- christian paluck
- Golden PBR
- Jamaal Sedayao
- Jen Sanders
- Joel Esher
- karsten cross
- kelly buttermore
- Kevin Cobbs
- Lauren Olsen
- Louis Kornfeld
- Maggie Awards
- Matt B Wier
- Matt J Wier
- Michael Lutton
- Mike Berry
- Nick Feitel
- nick kanellis
- Opening Number
- peter mcnerney
- rick andrews
- Robin Rothman
- steve whyte
- The Maggies
- The Magnet Toilet
- the native american community
- TJ Mannix
- Tony Mui
- willy appelman
- woody fu
- Worst Improvisor
Magnet’s next big musical event is almost here…GAY BOMB: THE MUSICAL! GAY BOMB is a comedy inspired by the real life plans of the U.S. military to build a bomb that would make their enemies gay. The show is a cautionary tale set in a not-to-distant America that is a “xenophobic, homophobic wet dream”. This timely political piece is not only topical but extremely on point, leaving no stereotype unscathed. GAY BOMB: THE MUSICAL premiers at The Magnet Theater on Friday May 4th at 8:30, and plays on select Fridays and Mondays through June.
Much like previous Magnet Musical Event NIGHTFALL ON MIRANGA ISLAND, tickets are limited and will go fast!!! Tickets go on sale right….NOW. Get yours NOW here. Make sure you’re there for an opening night extravaganza you won’t want to miss.
Directed by Michael Martin, with music by Frank Spitznagel and book and lyrics by Chris Friden and Steve Whyte.
Starring: Andrew Fafoutakis, Dreagn Foltz, Ben Jones, Michael Lutton, Jen Sanders, TJ Mannix, Oscar Montoya, Dave Tomczak and Woody Fu!
In a city of over 8 million strangers, it’s incredible to find a place that feels like home. Yet, in it’s 7th year, the Magnet Theater continues to do that for many improvisers, actors and comedy addicts. The Magnet’s supportive atmosphere focuses on following your gut and “yes and”-ing in a grounded and personal way. There is no fast track, improv is like anything else, it takes time to master. At the Magnet, there is no pressure to be anybody other than yourself. Much of that comes from co-founder Armando Diaz, who dreamed that the Magnet would “facilitate people making comedy and meeting each other.” I sat down with Armando Diaz and inquired about this very important milestone:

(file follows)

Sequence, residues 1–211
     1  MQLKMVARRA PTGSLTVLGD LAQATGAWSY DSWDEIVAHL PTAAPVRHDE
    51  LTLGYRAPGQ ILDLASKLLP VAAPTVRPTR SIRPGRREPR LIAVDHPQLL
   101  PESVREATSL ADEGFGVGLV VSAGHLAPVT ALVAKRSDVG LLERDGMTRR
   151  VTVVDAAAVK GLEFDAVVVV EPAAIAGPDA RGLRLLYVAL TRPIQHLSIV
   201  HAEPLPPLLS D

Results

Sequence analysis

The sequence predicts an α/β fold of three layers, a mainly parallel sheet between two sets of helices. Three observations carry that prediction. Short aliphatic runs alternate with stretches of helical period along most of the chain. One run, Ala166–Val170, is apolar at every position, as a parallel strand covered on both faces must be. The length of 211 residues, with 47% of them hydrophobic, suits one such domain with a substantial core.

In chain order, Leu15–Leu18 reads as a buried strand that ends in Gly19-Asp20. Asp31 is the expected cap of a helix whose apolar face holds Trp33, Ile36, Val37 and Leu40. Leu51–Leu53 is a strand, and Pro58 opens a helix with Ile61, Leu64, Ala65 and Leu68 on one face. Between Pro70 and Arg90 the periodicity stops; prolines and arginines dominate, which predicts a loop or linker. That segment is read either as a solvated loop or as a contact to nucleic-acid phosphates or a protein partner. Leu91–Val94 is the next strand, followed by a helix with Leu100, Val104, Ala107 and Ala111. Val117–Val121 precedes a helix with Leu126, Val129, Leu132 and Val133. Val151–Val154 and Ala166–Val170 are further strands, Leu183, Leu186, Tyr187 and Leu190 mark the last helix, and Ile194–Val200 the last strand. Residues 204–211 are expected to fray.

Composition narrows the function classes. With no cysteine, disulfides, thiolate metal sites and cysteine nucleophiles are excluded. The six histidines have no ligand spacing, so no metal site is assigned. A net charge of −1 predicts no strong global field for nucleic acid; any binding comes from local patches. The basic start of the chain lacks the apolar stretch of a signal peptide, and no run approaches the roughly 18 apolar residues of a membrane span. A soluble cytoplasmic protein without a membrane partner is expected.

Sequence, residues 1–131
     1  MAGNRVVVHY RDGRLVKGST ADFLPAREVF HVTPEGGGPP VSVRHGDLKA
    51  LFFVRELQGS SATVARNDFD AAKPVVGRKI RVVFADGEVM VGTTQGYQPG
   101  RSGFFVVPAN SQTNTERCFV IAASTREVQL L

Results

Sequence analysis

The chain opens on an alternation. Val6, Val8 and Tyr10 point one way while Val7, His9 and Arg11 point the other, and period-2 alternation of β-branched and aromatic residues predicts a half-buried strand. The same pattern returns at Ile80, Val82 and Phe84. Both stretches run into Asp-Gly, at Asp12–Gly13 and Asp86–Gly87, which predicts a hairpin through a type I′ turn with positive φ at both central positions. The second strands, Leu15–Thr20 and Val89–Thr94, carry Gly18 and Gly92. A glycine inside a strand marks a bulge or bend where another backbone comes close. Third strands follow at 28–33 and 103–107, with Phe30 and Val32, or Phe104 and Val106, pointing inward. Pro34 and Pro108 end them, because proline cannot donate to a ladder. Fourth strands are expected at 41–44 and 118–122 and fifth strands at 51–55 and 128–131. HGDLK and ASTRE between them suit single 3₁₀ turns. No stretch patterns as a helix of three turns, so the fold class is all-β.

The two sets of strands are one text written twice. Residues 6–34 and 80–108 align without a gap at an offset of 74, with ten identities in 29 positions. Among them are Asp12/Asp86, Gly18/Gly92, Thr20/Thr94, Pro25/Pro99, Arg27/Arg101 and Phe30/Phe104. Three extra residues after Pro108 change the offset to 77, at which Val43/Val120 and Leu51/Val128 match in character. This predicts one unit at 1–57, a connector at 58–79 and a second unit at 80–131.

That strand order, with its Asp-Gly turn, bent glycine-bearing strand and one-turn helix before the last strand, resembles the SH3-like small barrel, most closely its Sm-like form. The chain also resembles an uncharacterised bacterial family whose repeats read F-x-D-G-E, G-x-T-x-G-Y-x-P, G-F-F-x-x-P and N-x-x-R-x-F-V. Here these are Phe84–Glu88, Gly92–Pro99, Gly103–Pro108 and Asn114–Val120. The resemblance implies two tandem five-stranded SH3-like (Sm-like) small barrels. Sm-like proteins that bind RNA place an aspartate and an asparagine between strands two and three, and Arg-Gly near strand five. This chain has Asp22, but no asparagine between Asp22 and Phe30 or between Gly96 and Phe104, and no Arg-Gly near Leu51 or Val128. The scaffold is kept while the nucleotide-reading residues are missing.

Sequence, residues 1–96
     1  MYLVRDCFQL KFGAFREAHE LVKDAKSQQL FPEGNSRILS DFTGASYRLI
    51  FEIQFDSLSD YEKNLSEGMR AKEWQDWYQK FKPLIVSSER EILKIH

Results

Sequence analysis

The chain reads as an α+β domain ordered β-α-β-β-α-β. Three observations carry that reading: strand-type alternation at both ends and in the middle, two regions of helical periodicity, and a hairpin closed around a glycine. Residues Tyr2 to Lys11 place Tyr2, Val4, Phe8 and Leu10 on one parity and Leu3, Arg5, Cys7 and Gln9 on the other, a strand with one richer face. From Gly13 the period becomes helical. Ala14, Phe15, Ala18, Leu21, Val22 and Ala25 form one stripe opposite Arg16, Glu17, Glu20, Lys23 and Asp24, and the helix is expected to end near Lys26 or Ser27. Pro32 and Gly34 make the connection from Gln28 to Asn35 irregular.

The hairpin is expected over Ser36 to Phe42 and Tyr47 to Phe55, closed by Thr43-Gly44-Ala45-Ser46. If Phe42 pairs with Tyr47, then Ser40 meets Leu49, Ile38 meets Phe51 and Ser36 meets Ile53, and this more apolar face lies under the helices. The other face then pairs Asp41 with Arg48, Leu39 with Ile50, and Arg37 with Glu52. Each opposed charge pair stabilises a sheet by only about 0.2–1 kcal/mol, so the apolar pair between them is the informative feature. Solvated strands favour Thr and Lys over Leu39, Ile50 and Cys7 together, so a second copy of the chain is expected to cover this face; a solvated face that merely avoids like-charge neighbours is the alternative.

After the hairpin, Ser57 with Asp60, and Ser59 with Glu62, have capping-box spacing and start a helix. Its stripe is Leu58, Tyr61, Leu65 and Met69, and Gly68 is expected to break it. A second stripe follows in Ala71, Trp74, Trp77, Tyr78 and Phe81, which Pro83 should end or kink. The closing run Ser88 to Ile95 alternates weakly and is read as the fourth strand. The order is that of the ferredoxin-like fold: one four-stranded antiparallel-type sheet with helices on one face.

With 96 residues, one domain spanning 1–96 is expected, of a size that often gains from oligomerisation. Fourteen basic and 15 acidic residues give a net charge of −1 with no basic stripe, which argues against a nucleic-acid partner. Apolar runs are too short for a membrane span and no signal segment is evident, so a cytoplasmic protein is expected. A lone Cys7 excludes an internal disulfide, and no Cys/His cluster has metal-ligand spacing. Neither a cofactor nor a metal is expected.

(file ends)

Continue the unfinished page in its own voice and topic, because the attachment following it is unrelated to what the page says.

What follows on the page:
Willy Appelman: What was the first show in the Magnet Theater space?
Armando Diaz: I was teaching an Evente class and we had our first show in the theater. The stage wasn’t finished. It was an experiment for all of us. We (Ed Herbstman and Alex CLICK TO READ MORE…
Oh man… you should have seen it!
Just kidding. You couldn’t have.
The Bat premiered at The Magnet Theater last evening, directed by Mark Grenier, featuring Paul Barker, Bianca Casusol, Christina Dabney, Corey Grimes, Jeff Koleba, Kai Martin, Chris Simpson, Lauren Smith, and special guests.
Unlike your average, well-lit improv show that bombards your physical senses with gestures, facial expressions, and movement of all varieties, The Bat is performed in the dark – playing more like an old-time radio show, or like the voices in your head when you’re desperately trying to fall asleep.
The cast of The Bat performed two pieces – a Monoscene, and a Harold – relying only on listening, and auditory support work. Despite the darkness, the audience clearly saw the cemetery at which the Detective Club and the Murder Club vied for membership numbers, a pair of girl scouts peeing on each other in the wilderness, a bratty nine-year-old leveraging for control of a community pool, and the arduous journey of a ski-ball pledge.
I left the theater grateful for the reminder that I have an imagination. Check out the highlight pics below, and check out The Bat every Thursday in April at 10:00pm at The Magnet Theater.